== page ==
Organisers of the first Tom McGann Memorial Summit are urging media industry educators to find new ways of attracting talented technical staff to work in broadcasting.
Broadcasters, vendors, academics and students from across Europe gathered at EBU headquarters in Geneva (23 to 24 November) to examine the role of broadcast engineers and discuss what could be done to produce enough recruits.
New research commissioned for the meeting pointed to a halt in growth on all sides of the industry, stemming from a shortage of well-educated, well-qualified staff.
One of the principle findings suggested that the real issue lies in attracting new students to the field. University representatives from France, Germany, Russia and UK confirmed that while their broadcast engineering programmes are up to date, filling student quotas was difficult. One professor said they had room for twice as many students as were enrolled.
Another finding indicated that the move to IT and IP in broadcast means the industry can no longer count on retaining specially trained technicians. The industry is in competition for systems architects, network specialists and data managers within other sectors.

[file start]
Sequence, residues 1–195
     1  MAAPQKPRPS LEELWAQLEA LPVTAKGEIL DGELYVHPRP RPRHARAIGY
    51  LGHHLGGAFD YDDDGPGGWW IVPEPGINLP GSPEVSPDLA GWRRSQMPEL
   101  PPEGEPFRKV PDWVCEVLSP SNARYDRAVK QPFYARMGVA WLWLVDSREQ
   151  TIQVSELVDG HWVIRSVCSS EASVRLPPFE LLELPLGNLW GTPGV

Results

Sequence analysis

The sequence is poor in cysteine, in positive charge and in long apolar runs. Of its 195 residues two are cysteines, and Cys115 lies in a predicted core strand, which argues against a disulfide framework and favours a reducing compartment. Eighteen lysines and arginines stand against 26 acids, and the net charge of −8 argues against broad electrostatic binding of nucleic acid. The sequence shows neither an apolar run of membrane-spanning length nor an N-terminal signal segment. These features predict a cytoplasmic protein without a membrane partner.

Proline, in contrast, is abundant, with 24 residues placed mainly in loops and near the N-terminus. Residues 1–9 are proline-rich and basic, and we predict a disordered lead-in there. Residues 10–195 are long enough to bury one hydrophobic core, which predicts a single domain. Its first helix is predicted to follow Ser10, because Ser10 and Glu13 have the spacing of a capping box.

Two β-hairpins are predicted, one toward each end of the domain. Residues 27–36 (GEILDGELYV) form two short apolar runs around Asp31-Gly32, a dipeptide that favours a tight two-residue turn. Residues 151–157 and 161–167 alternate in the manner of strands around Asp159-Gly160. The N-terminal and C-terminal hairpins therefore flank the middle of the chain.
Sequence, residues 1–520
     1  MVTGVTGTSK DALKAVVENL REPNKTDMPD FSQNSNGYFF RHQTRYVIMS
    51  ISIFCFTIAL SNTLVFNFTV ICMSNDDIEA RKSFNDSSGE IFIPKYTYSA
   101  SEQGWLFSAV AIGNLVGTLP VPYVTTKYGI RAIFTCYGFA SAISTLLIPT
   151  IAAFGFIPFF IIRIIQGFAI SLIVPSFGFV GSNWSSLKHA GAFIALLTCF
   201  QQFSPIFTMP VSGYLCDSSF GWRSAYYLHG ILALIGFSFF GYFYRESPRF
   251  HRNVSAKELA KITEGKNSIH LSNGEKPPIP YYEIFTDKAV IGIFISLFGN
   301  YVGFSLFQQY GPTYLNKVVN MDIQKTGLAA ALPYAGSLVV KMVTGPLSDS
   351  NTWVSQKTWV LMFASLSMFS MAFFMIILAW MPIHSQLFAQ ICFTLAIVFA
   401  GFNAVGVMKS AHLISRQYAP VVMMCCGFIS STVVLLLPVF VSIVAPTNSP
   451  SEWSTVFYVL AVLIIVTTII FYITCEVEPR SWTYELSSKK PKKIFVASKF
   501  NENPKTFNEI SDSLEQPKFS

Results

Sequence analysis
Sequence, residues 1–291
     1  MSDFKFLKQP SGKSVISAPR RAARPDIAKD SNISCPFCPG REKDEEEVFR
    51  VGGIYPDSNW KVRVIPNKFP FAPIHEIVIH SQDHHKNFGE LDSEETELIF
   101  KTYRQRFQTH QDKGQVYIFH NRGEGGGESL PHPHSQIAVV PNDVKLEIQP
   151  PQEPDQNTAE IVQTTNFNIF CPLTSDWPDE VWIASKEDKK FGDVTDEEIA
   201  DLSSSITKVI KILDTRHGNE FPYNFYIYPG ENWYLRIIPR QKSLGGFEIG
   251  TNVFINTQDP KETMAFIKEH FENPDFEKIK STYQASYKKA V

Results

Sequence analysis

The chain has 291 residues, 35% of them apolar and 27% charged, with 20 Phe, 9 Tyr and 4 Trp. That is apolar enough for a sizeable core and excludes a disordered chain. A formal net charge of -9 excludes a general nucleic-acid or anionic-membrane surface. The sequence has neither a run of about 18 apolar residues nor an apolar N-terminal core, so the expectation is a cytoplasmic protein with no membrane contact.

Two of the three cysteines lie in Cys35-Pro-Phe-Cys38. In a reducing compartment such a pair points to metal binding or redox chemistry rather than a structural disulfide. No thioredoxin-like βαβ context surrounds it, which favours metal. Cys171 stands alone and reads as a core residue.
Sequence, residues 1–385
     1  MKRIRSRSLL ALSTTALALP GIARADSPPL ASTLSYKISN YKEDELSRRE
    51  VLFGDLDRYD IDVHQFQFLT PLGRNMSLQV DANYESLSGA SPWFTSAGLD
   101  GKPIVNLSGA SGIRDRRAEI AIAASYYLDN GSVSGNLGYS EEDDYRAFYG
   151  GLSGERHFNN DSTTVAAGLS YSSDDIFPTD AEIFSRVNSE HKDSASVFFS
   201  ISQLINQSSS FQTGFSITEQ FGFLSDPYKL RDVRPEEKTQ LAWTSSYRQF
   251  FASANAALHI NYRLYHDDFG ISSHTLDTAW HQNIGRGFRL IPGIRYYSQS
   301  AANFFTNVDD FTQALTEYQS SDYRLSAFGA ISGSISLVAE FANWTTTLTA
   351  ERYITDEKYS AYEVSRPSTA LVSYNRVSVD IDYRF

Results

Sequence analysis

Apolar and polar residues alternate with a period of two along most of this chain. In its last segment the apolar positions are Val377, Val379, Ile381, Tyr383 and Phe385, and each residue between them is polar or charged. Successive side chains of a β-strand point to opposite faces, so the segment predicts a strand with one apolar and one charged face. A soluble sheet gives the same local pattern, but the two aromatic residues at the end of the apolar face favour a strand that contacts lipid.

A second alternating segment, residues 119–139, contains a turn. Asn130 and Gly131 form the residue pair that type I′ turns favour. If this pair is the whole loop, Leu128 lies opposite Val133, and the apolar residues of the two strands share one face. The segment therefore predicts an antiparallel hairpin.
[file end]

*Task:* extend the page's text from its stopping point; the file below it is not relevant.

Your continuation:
“The solutions are not primarily about money, but about communications,” said Niall Duffy, an independent consultant who chaired the two-day event. “We need broadcasters and vendors to talk to each other to share best practices, as well as making it practical for staff to move around.
We need to reach young people before they decide their career is going to lie in a cubicle farm at some big IT company. And we need to keep fostering talent." An action plan outlining how to bridge training and career development opportunities and industry requirements will be available. More information can be found on the IABM Foundation website.